These are the sources of income to fund state government, including revenues from various taxes such as individual and corporate income taxes and from interest income from state investments.
Government revenue is money received by a government from external sources net of refunds and other correcting transactions, other than from the issuance of debt, liquidation of investments, and as agency and probate trust transactions. Government revenue excludes noncash transactions such as receipt of services, commodities, or other receipts in kind. (House Fiscal Analysis Department: Dictionary of U.S. Gov't. Statistical Terms)
The full accrual income arising from operations during the year, recorded in the Statement of Financial Performance. Controlled revenues include revenue from the State Government in the form of payments for outputs, and own-source revenue such as Specific Purpose Payments from the Commonwealth and user charges. Administered revenues are revenues which are forwarded to the Consolidated Fund, and generally comprise taxes, fees and fines, royalty revenues and general purpose Commonwealth grants.
All funds received from external sources, net of refunds, and correcting transactions. Noncash transactions such as receipt of services, commodities, or other receipts "in kind" are excluded, as are funds received from the issuance of debt, liquidation of investments, and nonroutine sale of property.
Money received from taxes, fees, permits, licenses, interest and inter-governmental sources during the fiscal year.
Gross taxable receipts from the sale of a product or service.
Funds collected from the public arising from the sovereign power of the government. Federal revenues consist of receipts from income taxes (individual and corporate), excise taxes, and estate and gift taxes; contributions to social insurance programs (such as Social Security and Medicare); customs duties; fees and fines; and miscellaneous receipts, such as Federal Reserve earnings, gifts, and contributions. Federal revenues are also known as federal governmental receipts. Compare with offsetting collections and offsetting receipts.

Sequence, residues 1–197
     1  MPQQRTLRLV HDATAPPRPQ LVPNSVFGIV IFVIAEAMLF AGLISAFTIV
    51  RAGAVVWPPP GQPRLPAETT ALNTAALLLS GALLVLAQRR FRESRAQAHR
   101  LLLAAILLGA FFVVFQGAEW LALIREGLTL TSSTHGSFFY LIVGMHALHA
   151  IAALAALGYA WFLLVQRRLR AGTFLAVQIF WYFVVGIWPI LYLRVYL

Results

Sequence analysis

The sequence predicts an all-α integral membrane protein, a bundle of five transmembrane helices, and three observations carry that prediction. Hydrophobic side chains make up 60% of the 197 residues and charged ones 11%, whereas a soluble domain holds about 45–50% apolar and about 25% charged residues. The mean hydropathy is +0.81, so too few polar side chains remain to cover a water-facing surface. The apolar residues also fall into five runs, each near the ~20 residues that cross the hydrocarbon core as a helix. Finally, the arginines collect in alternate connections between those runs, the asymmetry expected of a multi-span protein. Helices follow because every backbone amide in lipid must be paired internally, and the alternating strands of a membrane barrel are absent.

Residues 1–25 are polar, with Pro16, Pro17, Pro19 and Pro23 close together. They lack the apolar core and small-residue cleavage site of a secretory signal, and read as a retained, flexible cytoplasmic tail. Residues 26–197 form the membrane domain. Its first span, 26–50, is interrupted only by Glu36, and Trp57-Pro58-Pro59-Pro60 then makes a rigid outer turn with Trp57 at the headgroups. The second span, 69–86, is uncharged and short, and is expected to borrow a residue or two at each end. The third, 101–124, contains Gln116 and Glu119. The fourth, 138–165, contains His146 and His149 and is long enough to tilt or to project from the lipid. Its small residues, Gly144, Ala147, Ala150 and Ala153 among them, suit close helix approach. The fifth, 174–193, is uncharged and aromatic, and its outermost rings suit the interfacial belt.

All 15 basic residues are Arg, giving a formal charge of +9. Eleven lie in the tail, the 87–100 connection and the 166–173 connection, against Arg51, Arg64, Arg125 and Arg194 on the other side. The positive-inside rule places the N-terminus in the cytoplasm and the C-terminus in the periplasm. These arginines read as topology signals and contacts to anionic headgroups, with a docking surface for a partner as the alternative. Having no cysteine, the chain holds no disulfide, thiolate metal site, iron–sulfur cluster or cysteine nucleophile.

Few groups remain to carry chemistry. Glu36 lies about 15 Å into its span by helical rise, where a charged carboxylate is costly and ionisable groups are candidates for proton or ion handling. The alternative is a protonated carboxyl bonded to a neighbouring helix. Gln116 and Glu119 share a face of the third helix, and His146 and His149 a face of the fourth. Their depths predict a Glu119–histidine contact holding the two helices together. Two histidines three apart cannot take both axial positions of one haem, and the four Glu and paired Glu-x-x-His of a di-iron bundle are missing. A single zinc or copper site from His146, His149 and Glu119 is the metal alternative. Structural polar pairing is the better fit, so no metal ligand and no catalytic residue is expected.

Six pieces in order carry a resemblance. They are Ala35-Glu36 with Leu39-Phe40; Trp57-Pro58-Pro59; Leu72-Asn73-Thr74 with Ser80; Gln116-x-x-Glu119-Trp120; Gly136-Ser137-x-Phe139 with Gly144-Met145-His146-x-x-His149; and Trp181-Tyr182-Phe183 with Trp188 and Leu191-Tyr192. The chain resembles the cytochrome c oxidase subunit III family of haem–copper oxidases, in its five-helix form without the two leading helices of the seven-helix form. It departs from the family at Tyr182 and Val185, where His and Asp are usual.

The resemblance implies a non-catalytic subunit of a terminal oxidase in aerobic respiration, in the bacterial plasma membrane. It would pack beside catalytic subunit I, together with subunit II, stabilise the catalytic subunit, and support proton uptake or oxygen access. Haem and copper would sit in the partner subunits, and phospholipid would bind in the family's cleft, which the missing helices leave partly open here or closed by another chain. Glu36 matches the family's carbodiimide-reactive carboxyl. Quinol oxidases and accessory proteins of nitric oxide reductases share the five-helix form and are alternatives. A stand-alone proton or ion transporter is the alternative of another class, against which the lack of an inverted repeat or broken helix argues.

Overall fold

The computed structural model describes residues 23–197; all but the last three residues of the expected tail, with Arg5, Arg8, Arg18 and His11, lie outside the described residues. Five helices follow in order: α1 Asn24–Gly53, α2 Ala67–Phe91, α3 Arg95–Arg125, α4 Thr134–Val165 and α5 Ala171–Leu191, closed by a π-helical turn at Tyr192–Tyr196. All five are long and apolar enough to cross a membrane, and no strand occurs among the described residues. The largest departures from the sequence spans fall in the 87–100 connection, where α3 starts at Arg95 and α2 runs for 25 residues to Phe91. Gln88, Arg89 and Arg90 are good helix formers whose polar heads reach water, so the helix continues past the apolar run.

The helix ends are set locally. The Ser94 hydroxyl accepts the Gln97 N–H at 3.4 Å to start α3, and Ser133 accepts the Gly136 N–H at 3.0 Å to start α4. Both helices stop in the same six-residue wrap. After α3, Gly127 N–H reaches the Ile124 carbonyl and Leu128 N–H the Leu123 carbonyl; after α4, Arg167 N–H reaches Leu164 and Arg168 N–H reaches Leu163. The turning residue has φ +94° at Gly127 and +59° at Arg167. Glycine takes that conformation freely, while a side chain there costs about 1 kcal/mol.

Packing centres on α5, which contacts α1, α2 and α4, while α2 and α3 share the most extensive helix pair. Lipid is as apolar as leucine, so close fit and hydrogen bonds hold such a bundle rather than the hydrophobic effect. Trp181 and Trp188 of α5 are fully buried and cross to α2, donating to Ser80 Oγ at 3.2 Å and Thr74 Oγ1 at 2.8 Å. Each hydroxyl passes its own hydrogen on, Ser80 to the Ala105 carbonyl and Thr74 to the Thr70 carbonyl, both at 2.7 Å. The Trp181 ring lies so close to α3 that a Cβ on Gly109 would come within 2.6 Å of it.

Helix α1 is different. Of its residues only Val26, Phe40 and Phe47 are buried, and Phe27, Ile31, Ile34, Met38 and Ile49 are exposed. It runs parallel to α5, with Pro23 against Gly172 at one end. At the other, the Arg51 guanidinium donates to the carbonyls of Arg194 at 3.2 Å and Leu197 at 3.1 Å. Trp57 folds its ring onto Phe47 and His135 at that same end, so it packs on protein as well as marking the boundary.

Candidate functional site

Stamps representing the prepayment or payment of various taxes. Revenues are affixed to official documents and to merchandise. Some stamps, including many issues of the British Commonwealth, are inscribed "Postage and Revenue'' and were available for either use. Such issues are usually worth less fiscally canceled than postally used. In some cases, revenues have been used provisionally as postage stamps. See also Fiscal.
Revenues or taxes are funds that the government, as a result of its sovereign powers, collects from the public. Typical revenues include individual and corporate income taxes, payroll taxes, value-added taxes, sales taxes, levies, and excise taxes. In contrast, user fees are paid voluntarily by the public in return for a government-provided service or good. Because the purchaser receives a direct benefit (the good or service) in return for paying the fee, the payment is not considered a tax. A tax that increases as a percentage of income as one's income increases is known as a progressive tax; while a regressive tax is one where a taxpayer pays a smaller percentage of income in tax as income increases.
Revenue is the government's income from taxes, fees and premiums, and transfer payments.
Amounts estimated to be available for appropriation during the fiscal year. Included are carry-over balances and new revenues.
Funds collected from the public arising from the sovereign power of the government. Revenues consist of receipts from income taxes (individual and corporate), excise taxes, and estate and gift taxes; social insurance contributions; customs duties; miscellaneous receipts such as Federal Reserve earnings, gifts, and contributions; and fees and fines. Revenues are also known as federal governmental receipts but do not include offsetting receipts, which are recorded as negative budget authority and outlays.
Taxes, customs, duties, some user fees and most other receipts paid to the federal government. 14